Artificial intelligence (AI) has triggered a frenzy among investors in 2023. A flurry of start-ups showcased their AI projects, with OpenAI’s online chatbot ChatGPT grabbing the most attention so far.

The estimates surrounding the potential economic impact of this technology are wide-ranging, though substantial even at the low end. Research firm McKinsey & Company, for example, predicts AI will add $13 trillion to global economic output by 2030. Cathie Wood’s Ark Investment Management, on the other hand, places that number at a whopping $200 trillion.

Investors who believe in the future of AI might want to consider capturing that boom in their portfolios, but separating the quality opportunities from the hype isn’t easy. Here’s one way to own a slice of the AI revolution while limiting risk at the same time.

Exchange-traded funds offer diverse exposure to AI

Exchange-traded funds (ETFs) are listed securities that any investor can buy. They come in many forms; some are designed to track the performance of an entire stock market index like the S&P 500, whereas others offer direct exposure to just one industry or even one sector of one industry.

The iShares Robotics and Artificial Intelligence Multisector ETF (IRBO -1.39%) gives investors an opportunity to own shares in 116 different robotics and AI companies, neatly packaged into one security they can buy and sell just as easily as a single stock.

The fund was established in June 2018, and it has $318 million in assets as of this writing. It charges a management fee equivalent to 0.47% of its assets each year, which is used to pay for staff, marketing, and distribution. That’s a cheaper rate than other leading ETFs in this category, which charge as much as 0.95%. 

Since its inception, the IRBO ETF has underperformed the return of the S&P 500, partly because of the steep drop in the technology sector during 2022.

^SPX Chart

^SPX data by YCharts

But the tide has turned this year as AI really started to catch investors’ attention. The ETF has more than doubled the gains generated by the S&P 500 so far in 2023.

^SPX Chart

^SPX data by YCharts

What investors will own when they buy the IRBO ETF

Some of the most important AI stocks in the IRBO ETF portfolio include:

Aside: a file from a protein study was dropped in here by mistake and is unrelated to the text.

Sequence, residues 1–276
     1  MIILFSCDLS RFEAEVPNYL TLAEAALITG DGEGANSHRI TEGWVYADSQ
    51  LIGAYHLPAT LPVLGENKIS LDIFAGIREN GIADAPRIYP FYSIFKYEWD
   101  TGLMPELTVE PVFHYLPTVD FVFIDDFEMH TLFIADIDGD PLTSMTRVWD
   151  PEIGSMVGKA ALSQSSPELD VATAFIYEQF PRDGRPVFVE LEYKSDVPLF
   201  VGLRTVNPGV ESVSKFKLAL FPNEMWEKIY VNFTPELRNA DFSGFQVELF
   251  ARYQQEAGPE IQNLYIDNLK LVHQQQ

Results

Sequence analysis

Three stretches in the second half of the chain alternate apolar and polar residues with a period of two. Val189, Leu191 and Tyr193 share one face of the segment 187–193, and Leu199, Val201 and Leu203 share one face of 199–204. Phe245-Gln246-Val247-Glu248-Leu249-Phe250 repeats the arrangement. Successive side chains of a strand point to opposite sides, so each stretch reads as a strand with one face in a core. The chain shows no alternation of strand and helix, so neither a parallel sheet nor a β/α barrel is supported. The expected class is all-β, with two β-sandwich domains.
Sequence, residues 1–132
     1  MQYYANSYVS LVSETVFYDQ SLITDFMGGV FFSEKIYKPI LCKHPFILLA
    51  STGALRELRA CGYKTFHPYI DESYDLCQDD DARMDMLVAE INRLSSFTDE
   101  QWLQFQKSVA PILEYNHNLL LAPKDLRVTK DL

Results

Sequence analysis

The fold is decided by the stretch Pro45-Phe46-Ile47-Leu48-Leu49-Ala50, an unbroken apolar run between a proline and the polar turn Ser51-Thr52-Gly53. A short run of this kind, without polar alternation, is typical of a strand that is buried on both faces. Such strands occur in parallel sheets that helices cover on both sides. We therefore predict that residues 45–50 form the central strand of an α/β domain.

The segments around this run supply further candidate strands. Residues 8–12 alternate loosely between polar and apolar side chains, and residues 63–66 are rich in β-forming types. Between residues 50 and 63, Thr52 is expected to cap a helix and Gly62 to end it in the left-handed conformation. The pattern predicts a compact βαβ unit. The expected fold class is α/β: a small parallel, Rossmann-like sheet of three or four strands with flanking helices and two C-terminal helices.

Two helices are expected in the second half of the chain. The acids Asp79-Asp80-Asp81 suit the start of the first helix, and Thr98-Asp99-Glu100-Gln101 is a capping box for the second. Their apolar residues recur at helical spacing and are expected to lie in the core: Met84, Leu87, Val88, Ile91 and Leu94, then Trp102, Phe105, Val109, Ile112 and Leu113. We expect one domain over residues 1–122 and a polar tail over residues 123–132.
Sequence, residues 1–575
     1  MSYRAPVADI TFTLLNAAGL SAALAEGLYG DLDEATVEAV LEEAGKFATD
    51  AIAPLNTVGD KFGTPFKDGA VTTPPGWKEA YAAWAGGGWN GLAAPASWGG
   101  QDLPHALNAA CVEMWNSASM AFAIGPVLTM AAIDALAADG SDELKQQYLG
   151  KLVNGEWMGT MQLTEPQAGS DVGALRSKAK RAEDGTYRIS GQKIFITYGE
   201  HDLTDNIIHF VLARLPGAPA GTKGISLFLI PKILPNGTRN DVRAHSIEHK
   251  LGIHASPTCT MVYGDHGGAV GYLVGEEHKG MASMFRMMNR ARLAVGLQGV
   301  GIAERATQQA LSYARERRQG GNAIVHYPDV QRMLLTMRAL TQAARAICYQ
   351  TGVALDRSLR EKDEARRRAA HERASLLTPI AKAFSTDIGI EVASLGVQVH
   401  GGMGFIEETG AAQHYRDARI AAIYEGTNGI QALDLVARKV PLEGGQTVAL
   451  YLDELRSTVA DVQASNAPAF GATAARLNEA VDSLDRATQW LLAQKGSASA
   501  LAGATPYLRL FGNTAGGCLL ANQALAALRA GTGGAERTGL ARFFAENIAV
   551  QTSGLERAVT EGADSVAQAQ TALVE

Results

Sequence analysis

• Meta Platforms (META -0.02%): The parent company of Facebook, Instagram, and WhatsApp. It’s integrating AI into all of its social media platforms to more accurately serve content to users.
  • Nvidia (NVDA -2.32%): The leader in AI semiconductors with a 90% market share. Its chips are responsible for training the models behind ChatGPT.
  • Advanced Micro Devices (AMD -1.12%): One of Nvidia’s closest competitors. It’s set to release its new MI300 data center chip later this year, which is designed to train large language models. 
  • Microsoft (MSFT -0.81%): This year the company has invested in OpenAI (ChatGPT) and Builder.ai, integrating AI technology into its Bing search engine, Azure cloud platform, and more.
  • Alphabet (GOOGL -1.58%) (GOOG -1.47%): The parent company of Google. It’s developing new AI tools for its search engine and cloud platforms. 

Those five stocks alone make up 6.2% of the IRBO ETF. Some of its other noteworthy holdings include Snowflake, Spotify Technology, Amazon, Splunk, and Adobe. All of those companies are using AI in their businesses in one way or another.

The AI revolution likely isn’t slowing down any time soon. While investors can earn a higher return by owning individual AI stocks like Nvidia, which is up 117% this year alone, that strategy requires an ability to carefully select winners and losers. The IRBO ETF is a more conservative way to play AI, but its diverse portfolio significantly reduces the risk of downside. 

Plus, given the amount of attention the industry is receiving, the IRBO ETF has a great chance to continue outperforming the broader stock market in 2023 and beyond. 

Randi Zuckerberg, a former director of market development and spokeswoman for Facebook and sister to Meta Platforms CEO Mark Zuckerberg, is a member of The Motley Fool’s board of directors. John Mackey, former CEO of Whole Foods Market, an Amazon subsidiary, is a member of The Motley Fool’s board of directors. Suzanne Frey, an executive at Alphabet, is a member of The Motley Fool’s board of directors. Anthony Di Pizio has no position in any of the stocks mentioned. The Motley Fool has positions in and recommends Adobe, Advanced Micro Devices, Alphabet, Amazon.com, Meta Platforms, Microsoft, Nvidia, Snowflake, Splunk, and Spotify Technology. The Motley Fool recommends the following options: long January 2024 $420 calls on Adobe and short January 2024 $430 calls on Adobe. The Motley Fool has a disclosure policy.


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